Lieberman rips 'greatest obstacle': Washington gridlock
WASHINGTON — Retiring Sen. Joe Lieberman on Wednesday used his final Senate floor speech to urge Congress to put partisan rancor aside to break Washington's gridlock.
“It requires reaching across the aisle and finding partners from the opposite party,” said Lieberman. “That is what is desperately needed in Washington now.”
The Democrat-turned-independent from Connecticut is leaving the Senate in January at the end of 24 years. He said strong bipartisan leadership is needed to solve the nation's most pressing problems, such as the fiscal cliff budget crisis. Washington gridlock stands as “the greatest obstacle” to finding compromises to make major progress on those problems, he said.
Lieberman, 70, nearly won the vice presidency on the Democratic ticket with running mate Al Gore in 2000. He would have been the first Jewish vice president.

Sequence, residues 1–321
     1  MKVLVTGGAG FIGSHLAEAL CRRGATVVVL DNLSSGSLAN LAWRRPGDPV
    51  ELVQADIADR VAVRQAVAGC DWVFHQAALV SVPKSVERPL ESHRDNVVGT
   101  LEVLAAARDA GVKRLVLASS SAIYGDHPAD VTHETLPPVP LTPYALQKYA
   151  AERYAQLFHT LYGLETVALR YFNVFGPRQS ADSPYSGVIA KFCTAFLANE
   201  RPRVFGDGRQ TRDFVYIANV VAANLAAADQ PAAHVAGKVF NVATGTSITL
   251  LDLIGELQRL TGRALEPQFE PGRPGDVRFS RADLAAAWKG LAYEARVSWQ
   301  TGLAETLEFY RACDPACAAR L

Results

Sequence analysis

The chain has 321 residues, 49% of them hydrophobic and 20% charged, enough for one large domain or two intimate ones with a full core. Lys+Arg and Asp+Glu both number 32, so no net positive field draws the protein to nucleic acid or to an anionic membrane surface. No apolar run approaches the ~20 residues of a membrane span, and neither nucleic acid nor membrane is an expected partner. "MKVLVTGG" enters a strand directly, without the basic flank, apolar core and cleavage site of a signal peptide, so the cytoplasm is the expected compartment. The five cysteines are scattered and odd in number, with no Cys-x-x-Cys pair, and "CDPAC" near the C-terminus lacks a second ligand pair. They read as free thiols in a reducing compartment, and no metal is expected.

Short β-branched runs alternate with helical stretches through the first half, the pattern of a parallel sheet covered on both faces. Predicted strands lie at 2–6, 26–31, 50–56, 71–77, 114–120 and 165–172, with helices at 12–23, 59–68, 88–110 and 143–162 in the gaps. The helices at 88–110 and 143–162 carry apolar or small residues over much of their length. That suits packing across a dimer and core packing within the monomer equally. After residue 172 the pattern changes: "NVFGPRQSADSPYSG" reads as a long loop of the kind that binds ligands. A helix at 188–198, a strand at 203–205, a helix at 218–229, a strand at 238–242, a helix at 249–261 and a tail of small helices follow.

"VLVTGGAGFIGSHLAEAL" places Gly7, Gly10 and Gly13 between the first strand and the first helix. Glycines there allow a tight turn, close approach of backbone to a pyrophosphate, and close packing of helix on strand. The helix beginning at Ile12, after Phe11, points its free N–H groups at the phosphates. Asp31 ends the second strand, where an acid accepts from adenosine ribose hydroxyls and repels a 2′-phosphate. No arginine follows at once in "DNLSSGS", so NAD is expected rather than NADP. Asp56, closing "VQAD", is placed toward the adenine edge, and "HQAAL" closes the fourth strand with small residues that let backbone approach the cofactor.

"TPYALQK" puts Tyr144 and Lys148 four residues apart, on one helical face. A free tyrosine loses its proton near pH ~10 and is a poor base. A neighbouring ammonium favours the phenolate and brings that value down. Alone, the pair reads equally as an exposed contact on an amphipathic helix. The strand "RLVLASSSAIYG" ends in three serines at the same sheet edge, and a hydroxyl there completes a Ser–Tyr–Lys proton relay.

He also made an unsuccessful bid for the Democratic presidential nomination in 2004. Four years later, he was under serious consideration in 2008 to be then-Republican presidential nominee John McCain's running mate. He and McCain are friends known for their hawkish views on military and national security matters.
Lieberman's independent streak has often rankled Democrats, the party he aligned with in the Senate.
He lost the last time he ran for the Democratic Senate nomination in Connecticut, in 2006. But he rebounded and won a new term running as an independent in a three-way race. After his re-election, Lieberman decided to caucus with Democrats in the Senate, who let him head a committee in return.
Yet in 2008, he supported McCain, drawing the ire of many Democrats. Lieberman's decision to speak at the 2008 GOP presidential nominating convention especially angered Democrats.
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